Those of us who live in places with lots of older buildings are probably a bit resigned to the idea that we've been exposed to lead from the chipping paint in that shabby-chic Edwardian rental we shared with a multitude of roommates. But the recent recalls of more than a million lead-contaminated toys-- including this karaoke Elmo--were still shocking. In yet another unintended consequence of globalization, the toxic ingredient that the U.S. banned from paint in 1978 has come back into our homes in the form of die-cast cars, action figures, and children's jewelry, most of it made in China.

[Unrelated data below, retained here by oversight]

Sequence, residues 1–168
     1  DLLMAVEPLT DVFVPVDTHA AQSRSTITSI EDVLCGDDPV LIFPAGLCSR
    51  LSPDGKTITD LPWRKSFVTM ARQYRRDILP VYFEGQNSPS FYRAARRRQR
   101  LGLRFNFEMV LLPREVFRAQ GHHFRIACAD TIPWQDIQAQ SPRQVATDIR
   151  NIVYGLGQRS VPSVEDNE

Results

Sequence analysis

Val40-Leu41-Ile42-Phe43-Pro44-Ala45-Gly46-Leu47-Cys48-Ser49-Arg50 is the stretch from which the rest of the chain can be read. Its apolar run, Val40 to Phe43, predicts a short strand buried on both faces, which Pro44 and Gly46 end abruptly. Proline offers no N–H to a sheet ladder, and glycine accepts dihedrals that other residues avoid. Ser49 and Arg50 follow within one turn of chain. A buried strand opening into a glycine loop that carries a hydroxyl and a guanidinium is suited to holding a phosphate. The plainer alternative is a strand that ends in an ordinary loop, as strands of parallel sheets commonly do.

The Sierra Club has been trying for a while to get the Consumer Product Safety Commission and the EPA (which was not so long ago toying with the idea of dropping some of its health standards for lead air pollution) to crack down on lead in children's products. The CPSC is now making noise about a ban, but until that happens, here's what you can do:
- Check the Mattel recall list for any toys your child might already own
- Buy a home-testing kit from LeadCheck, Lead Inspector, Homax, or First Alert
- Schedule an appointment with your doctor to have your child tested for lead exposure
For more tips and information about the health effects of lead, visit sierraclub.org/healthycommunities/lead.